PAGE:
Tonight, in the absence of baseball, we can pretend to be small market teams. Kinda. Here’s the exercise. You have $50 million to spend. You must fill 25 roster spots using 2008 salary data (which can be found at Cot’s). Ah, but it won’t be that simple. To ensure that you’re not just snagging quality young players who are making the league minimum, we’re going to put some service time restraints on the players you can choose. And what better model to pick than our very own New York Yankees?
For your nine starting position players, including DH, you can pick 1 player with 0-2 years of service time, 2 players with 3-5 years of service time, and 6 players with over six years of service time, hence free-agent eligible. That’s going to be tough. Service time can be found at Cot’s as well. Since we’re using 2008 salary data, we can use 2008 service time, too, so just use the number they’ve got there. If a player has 1.161 (1 year, 161 days) of service time, it counts as 1 year. If a player isn’t listed, he’s assumed to have no service time.
For starting pitchers, two can have 0-2 years, 1 can have 3-5 years, and 2 need to have 6 or more years. For the bullpen, it will be 2 with 0-2 years, 3 with 3-5 years, 2 with 6 or more.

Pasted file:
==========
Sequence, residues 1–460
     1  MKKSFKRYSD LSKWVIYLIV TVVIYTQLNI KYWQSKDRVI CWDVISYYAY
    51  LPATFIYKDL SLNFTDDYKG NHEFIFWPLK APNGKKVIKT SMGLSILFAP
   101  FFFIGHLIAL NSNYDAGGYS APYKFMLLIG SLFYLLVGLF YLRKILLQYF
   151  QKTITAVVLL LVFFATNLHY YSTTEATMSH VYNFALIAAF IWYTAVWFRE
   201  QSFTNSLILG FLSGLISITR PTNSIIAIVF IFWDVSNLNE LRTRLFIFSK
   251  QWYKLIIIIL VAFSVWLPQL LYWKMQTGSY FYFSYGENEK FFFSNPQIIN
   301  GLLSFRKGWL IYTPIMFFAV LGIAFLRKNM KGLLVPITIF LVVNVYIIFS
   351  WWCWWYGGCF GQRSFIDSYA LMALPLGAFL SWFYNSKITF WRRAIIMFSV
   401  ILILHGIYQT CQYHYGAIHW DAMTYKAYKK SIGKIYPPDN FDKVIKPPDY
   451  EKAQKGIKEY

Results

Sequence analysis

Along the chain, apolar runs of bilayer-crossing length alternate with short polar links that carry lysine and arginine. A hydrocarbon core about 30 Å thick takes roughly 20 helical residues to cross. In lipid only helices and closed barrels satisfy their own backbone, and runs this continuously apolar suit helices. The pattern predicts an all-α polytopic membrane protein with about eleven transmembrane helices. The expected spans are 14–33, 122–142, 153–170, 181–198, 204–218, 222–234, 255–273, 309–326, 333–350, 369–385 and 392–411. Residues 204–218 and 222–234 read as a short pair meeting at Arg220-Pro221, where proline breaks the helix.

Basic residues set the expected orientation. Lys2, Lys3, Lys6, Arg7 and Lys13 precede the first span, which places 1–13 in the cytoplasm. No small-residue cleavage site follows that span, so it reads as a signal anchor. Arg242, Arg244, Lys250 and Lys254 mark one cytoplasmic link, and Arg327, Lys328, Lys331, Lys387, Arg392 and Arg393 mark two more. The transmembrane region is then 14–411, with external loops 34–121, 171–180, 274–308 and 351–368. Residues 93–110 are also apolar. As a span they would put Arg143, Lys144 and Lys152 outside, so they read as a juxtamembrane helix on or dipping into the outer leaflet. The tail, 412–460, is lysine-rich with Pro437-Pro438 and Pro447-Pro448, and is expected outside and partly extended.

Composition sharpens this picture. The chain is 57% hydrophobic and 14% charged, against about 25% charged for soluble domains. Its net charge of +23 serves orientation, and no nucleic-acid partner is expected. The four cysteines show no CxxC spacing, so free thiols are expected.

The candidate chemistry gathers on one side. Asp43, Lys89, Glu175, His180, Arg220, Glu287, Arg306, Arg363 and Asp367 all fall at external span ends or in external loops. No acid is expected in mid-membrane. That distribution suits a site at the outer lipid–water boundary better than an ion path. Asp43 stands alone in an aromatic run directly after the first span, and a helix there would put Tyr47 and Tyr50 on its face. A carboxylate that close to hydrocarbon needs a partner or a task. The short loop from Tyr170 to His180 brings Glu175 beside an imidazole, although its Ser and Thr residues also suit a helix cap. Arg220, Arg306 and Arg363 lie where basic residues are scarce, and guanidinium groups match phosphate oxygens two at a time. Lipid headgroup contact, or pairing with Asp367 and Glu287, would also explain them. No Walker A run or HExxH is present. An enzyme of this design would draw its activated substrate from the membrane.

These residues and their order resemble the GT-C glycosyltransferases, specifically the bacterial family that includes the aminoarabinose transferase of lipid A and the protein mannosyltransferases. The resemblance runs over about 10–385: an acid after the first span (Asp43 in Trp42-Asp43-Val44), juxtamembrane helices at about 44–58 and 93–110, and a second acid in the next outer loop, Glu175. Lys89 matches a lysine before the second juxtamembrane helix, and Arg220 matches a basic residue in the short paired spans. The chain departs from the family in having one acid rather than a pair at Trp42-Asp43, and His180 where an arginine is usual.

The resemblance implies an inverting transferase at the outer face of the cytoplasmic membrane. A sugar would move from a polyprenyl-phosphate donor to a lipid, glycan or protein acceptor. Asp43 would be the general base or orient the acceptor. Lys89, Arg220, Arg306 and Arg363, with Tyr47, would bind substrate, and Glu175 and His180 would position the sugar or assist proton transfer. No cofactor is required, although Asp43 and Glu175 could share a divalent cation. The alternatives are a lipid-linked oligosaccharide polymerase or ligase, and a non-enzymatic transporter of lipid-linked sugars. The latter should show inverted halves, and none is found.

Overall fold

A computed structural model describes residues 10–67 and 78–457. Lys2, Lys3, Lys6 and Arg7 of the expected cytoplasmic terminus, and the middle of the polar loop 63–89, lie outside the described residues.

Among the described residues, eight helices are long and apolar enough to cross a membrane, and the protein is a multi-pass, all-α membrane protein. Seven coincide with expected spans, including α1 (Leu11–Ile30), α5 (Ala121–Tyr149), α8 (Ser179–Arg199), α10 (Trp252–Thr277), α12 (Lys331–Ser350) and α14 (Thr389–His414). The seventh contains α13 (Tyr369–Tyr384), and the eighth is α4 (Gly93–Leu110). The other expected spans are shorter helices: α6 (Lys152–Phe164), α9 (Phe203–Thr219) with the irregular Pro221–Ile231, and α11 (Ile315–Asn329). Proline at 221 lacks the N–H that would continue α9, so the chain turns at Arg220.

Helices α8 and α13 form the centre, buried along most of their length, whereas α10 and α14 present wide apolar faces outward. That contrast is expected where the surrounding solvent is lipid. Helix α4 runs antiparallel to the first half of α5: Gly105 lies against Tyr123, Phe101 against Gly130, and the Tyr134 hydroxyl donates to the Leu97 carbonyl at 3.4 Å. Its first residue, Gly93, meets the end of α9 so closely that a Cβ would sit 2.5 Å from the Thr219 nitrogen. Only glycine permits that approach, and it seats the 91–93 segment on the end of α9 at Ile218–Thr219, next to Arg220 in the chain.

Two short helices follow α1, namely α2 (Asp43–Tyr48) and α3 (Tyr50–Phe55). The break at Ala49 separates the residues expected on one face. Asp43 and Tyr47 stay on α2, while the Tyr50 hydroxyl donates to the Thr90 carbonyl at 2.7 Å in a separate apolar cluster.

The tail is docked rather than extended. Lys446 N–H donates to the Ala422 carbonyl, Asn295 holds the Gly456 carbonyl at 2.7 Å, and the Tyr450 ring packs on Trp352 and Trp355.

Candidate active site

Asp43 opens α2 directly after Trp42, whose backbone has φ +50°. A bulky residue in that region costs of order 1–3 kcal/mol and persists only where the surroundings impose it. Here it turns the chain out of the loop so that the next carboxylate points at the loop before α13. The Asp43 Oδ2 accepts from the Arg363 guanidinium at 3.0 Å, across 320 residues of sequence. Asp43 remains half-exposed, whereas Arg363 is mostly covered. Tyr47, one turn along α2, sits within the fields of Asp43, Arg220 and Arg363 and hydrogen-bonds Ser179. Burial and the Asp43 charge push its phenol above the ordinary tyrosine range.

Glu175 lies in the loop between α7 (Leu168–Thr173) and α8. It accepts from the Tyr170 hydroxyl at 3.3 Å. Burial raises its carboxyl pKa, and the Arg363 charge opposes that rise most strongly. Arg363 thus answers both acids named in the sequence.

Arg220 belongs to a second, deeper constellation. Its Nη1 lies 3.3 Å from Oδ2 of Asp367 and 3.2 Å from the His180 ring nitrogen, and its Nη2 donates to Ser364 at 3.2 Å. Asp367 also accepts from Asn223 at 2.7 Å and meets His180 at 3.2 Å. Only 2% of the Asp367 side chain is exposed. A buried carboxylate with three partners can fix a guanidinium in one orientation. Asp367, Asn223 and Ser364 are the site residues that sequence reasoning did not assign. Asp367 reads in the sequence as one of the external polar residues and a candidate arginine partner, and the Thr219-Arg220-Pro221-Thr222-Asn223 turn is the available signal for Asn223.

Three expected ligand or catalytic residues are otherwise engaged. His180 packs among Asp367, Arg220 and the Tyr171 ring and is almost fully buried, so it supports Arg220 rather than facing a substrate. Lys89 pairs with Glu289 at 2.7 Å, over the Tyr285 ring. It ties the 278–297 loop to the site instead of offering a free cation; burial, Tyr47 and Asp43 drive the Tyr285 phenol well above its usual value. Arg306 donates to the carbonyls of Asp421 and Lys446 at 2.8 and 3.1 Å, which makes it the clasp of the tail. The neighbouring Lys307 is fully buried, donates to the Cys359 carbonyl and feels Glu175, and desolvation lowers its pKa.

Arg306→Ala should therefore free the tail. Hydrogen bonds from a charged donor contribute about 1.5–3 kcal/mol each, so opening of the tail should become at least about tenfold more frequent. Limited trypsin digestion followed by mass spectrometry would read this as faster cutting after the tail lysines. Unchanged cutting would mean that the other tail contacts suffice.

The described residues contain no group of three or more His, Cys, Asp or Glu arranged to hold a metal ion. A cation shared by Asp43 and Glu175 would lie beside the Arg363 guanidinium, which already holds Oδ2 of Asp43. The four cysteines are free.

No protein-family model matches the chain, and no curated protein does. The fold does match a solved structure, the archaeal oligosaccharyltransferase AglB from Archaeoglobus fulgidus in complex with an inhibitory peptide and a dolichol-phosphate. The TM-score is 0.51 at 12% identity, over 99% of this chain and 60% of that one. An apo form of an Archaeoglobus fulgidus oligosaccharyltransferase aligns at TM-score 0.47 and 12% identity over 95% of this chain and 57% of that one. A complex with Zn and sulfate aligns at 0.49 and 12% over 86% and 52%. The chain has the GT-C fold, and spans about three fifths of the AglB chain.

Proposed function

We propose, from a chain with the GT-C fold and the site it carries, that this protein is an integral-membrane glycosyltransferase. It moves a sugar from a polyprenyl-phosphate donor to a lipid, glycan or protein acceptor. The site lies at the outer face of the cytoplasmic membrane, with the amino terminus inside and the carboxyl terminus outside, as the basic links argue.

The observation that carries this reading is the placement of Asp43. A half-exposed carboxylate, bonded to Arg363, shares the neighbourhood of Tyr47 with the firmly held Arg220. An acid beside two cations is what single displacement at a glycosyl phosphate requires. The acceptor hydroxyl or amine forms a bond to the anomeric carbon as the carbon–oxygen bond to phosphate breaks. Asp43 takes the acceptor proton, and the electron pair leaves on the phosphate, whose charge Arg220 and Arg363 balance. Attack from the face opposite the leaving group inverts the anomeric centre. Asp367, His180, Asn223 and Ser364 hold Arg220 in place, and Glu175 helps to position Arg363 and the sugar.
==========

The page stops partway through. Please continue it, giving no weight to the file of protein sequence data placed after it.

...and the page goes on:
On the bench, you’re free to do whatever. Restriction: it actually has to be a bench player. A reasonable guideline is fewer than 200 plate appearances in 2008. However, if a guy came up later in the year and started, you can’t use him.
Everything clear? All right. Let’s see what you’ve got.
We love a good discussion here at RAB. It might be tough to keep up with, but it puts a smile on my face to see a comment thread go over 100. For the most part, the discussion here is great. Commenters all bring something different to the table, and that allows us to get as comprehensive a view of a situation as possible.
However, more comments means more flaming. It’s unfortunate, but true. This is why we put commenting guidelines in place. Lately, though, we’ve seen plenty of violations. It’s time to crack down. I think that everyone will agree that this will make the discussions more fruitful in the long run.